The New Beautiful: Meet 8 Models Who Aren’t Afraid to Speak Up
What’s feminine now? Lace, tulle, floral, and lingerie-inspired dresses worn by women of all shapes, sizes, ages—and opinions.
In the summer of 2016, a then 22-year-old African American model named Ebonee Davis wrote an open letter to the fashion world asking the industry to help fix the systemic racism plaguing America. Davis had been propelled into action by the fact that, on the very same day she saw herself in a Calvin Klein campaign in all her natural-hair, dark-skinned glory, she also learned that a 37-year-old black man named Alton Sterling had been killed by police in Baton Rouge. She took her industry to task to set the tone for a more open culture and to help expand the notions of beauty and worth in the world. It was powerful stuff, enough to earn her a TED Talk, which she called “Black Girl Magic in the Fashion Industry.” In that speech she spoke of her own struggles making it in the glamorous and rarefied world of fashion. “It was a very vocal year for me,” says Davis, slipping into a floral dress at our fashion shoot.
For years, the modeling world has pretty much been a silent profession—the women were supposed to be seen, not heard. Even at the height of the supermodel era, when the glamazons ruled the runway, dated Hollywood actors, and starred in George Michael videos, they barely spoke—save for Linda Evangelista, who infamously announced her salary requirements to get out of bed.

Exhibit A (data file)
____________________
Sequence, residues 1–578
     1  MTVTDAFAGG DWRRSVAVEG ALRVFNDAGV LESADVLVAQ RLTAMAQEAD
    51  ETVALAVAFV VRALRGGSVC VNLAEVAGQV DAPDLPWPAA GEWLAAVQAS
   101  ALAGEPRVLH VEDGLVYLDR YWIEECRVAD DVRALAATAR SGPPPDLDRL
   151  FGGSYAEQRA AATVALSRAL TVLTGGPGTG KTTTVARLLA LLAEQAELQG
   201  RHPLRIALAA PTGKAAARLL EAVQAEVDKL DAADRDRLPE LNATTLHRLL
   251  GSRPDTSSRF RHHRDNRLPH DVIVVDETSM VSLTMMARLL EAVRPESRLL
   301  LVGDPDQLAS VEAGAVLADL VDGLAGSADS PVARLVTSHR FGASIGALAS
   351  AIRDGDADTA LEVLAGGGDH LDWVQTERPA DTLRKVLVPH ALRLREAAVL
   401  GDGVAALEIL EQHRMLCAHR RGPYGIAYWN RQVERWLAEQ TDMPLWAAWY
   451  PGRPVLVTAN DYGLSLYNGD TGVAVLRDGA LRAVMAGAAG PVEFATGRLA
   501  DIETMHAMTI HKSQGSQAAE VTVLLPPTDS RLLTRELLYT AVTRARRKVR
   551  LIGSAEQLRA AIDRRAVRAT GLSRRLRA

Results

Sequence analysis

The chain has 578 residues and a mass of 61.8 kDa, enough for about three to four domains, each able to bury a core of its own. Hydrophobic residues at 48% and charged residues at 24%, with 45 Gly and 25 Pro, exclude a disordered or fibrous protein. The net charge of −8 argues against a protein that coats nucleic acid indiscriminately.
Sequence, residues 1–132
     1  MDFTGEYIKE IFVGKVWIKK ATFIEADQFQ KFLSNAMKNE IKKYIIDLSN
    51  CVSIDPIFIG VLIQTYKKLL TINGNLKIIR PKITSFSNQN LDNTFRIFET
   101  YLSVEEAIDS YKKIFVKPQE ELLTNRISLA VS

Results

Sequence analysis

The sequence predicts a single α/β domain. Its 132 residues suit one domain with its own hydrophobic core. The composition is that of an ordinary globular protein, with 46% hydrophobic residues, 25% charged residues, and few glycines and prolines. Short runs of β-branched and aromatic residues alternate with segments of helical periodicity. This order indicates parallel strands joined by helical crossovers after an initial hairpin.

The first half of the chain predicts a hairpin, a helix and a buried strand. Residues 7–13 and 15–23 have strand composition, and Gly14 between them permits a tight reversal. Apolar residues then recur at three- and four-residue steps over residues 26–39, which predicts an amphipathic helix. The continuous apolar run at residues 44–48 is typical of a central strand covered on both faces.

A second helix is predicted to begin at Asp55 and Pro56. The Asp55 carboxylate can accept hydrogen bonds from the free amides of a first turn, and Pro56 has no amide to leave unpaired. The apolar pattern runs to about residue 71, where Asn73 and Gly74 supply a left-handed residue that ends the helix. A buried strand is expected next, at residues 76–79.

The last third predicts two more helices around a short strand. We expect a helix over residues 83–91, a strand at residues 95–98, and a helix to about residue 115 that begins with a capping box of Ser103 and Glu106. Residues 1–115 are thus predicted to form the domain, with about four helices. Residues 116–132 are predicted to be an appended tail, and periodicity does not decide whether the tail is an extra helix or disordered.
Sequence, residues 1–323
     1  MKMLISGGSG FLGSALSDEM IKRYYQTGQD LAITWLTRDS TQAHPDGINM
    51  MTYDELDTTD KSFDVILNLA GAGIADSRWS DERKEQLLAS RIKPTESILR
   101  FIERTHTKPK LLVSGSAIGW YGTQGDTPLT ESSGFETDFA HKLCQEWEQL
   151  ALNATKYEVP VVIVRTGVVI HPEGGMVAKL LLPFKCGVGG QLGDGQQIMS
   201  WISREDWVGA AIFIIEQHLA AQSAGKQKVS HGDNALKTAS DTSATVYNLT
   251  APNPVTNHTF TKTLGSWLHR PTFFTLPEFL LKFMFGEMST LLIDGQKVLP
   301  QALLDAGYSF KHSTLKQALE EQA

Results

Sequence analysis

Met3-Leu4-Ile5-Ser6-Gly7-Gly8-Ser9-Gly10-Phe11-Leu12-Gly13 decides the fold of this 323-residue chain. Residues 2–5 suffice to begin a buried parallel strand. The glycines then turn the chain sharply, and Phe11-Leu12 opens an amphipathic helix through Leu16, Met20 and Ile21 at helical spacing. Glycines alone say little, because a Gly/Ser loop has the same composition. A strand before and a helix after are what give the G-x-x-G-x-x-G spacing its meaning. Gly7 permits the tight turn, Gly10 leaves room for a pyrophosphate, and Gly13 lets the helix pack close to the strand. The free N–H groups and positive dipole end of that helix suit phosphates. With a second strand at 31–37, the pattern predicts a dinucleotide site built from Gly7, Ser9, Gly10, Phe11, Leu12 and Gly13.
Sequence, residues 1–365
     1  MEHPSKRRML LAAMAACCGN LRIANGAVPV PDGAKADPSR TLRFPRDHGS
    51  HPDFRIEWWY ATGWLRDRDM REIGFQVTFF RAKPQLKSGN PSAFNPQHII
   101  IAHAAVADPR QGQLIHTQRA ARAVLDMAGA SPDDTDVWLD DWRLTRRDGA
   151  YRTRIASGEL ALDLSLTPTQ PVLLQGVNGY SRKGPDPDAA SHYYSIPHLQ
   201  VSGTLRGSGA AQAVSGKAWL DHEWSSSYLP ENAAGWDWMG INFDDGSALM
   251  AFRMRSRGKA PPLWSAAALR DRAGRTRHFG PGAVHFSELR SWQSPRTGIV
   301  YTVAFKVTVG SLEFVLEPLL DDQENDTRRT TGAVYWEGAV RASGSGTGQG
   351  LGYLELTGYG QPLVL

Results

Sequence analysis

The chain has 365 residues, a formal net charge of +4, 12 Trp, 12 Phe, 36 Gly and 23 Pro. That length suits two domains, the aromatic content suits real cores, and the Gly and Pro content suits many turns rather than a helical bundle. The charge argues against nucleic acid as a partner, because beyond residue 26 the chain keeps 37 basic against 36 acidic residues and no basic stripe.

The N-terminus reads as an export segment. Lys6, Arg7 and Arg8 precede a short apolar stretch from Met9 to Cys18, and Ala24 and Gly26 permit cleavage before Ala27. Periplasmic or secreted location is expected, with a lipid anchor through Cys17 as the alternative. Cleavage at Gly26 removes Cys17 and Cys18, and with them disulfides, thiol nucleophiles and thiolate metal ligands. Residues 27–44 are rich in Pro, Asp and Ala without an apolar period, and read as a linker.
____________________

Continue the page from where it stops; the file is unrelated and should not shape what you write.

But with the rise of social media, many younger models have embraced new platforms on which they can speak their minds and support their passions. “They have this direct access to media now,” says Christiana Tran, managing partner of the Lions agency, which represents Davis and the other women on these pages. “They want to stand for something.” Right now there is a cultural awakening—a reckoning, if you will, of the value of women inside and out. For these models, it’s exhilarating to represent women of every ethnicity, shape, size, and age. While Davis may be the most outspoken of this group, each model here is doing her part to make fashion more inclusive. Whether it’s plus-size model Jess Miller, a gay Christian who wants to build bridges between the LGBT community and the faith community, or a veteran like Christina Kruse, who has an impressive art career, these multi-hyphenate women all have clear ambitions beyond just sitting pretty.